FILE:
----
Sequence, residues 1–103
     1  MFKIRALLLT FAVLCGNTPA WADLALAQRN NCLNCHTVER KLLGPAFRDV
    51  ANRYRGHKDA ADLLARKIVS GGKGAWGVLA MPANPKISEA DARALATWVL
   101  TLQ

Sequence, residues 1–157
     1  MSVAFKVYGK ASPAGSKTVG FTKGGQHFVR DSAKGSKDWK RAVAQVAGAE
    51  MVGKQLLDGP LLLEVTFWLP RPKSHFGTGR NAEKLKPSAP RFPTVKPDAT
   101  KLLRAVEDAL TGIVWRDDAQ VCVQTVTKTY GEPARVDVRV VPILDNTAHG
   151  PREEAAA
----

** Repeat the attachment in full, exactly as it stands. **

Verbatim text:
Sequence, residues 1–103
     1  MFKIRALLLT FAVLCGNTPA WADLALAQRN NCLNCHTVER KLLGPAFRDV
    51  ANRYRGHKDA ADLLARKIVS GGKGAWGVLA MPANPKISEA DARALATWVL
   101  TLQ

Sequence, residues 1–157
     1  MSVAFKVYGK ASPAGSKTVG FTKGGQHFVR DSAKGSKDWK RAVAQVAGAE
    51  MVGKQLLDGP LLLEVTFWLP RPKSHFGTGR NAEKLKPSAP RFPTVKPDAT
   101  KLLRAVEDAL TGIVWRDDAQ VCVQTVTKTY GEPARVDVRV VPILDNTAHG
   151  PREEAAA